Traditional histories and narratives of Norway have placed an oversized importance on the role of the Vikings during the Nordic Iron Age.
While these warriors expanded outward to cause havoc, create trade, and colonize vast swathes of Europe, the early medieval history of Norway cannot be simply explained by longships and battleaxes.
Whilst they indeed helped forge the boundaries of what would become the medieval kingdom of Norway, we cannot give the Vikings all the credit.
People in what would become Viking societies during the latter stages of the Nordic Iron Age (c. 500 BCE - 500 CE) may have seemed to be living on the very edges of the world to cultures and civilizations further south.
Still, they had established well-connected trading routes with the outside world.
Towards the collapse of the Roman Empire, in the late 5th century CE, trade flowed so freely (albeit mostly indirectly) that we have a wealth of Roman material that ended up in the far north.
One of the most lucrative trade routes into the early medieval period was the so-called "Northern Way."
The lucrative natural resources of the north – such as animal furs and timber – were ferried southward for markets in the Frankish realms, Constantinople, or even as far away as Baghdad.
Control of these northern trade routes became a significant source of conflict within the petty kingdoms in Norway throughout the early medieval period.
By the 9th century CE, the petty kingdom of Trøndelag exerted a significant amount of control and influence over this lucrative trade.
The ruler of this wealthy kingdom was Grjotgard Herlaugsson, and it was his son, Håkon, who would prove a key figure in the creation of the medieval kingdom of Norway.
Trondheim Fjord, where Håkon Grjotgardsson established his strategic residence, was an important location in the early medieval period, serving as a hub of political and economic activity in Norway. Photo: Jelena Safronova / Shutterstock
Son of a king
It was into this prosperous kingdom, perched at the northern end of significant economic trade routes, that young Håkon was born sometime in the mid-9th century.
There is some debate on his birth year, with historians giving the year anywhere between 838 and 860.
Regardless of the exact year he was born, Håkon was born into a society that was rapidly changing.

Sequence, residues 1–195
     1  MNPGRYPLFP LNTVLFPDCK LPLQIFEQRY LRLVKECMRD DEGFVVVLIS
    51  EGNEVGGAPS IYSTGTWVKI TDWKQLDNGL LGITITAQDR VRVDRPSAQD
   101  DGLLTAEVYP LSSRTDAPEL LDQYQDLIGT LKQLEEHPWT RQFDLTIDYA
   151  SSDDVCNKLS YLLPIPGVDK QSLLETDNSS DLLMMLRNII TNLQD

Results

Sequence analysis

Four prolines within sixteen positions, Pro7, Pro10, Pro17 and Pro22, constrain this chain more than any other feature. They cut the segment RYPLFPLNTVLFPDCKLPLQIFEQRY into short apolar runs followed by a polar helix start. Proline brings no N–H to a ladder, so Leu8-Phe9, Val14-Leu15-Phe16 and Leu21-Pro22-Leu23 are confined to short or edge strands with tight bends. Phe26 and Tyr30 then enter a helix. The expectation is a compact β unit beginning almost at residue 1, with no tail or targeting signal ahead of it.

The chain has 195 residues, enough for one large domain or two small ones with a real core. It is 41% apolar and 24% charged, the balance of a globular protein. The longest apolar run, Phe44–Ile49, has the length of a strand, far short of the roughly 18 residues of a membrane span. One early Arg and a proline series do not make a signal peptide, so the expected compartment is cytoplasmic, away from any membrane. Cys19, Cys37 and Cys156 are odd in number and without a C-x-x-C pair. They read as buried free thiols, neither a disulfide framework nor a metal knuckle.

The several minor kingdoms of Norway – of which Trøndelag was but one – were slowly fragmenting and falling apart.
The influx of wealth from trade saw local powerful elites become richer and more powerful around the nation.
It appeared that the time was ripe for a strong man to seize control and try to unify the several kingdoms under his rule.
When his father passed away, Håkon ascended to the throne of Trøndelag and established his residence at the mouth of the Trondheim fjord at Ørlandet.
Following his father's footsteps, he aimed to be a strong and prosperous ruler and sought to extend his political influence and rule further south.
However, not everyone was happy with this perceived overreach.
In his quest to create a unified Norway, Harald Fairhair's journey northward to Trøndelag marked a crucial moment, leading to negotiations with Håkon Grjotgardsson and shaping the nation's future. Illustration. The Viking Herald
Enter the man with fair hair
Historians often cannot overstate the importance of Harald Fairhair in the creation of the medieval kingdom of Norway – to which the current Norwegian state traces its ancestry.
However, though Fairhair was indeed important, he did not act alone in forging a nation.
There are vast holes in the historical record concerning Fairhair's life, but this does not make his life any less exciting.
Ascending to the throne of the petty kingdom of Vestfold, centered in Norway's south, Fairhair went about exerting his influence by the point of the sword, trying to subjugate several of the nearby kingdoms under his rule.
This process only accelerated as Fairhair and his men marched northward to try and capture the kingdoms – like Trøndelag – that had dominance over the lucrative trading routes.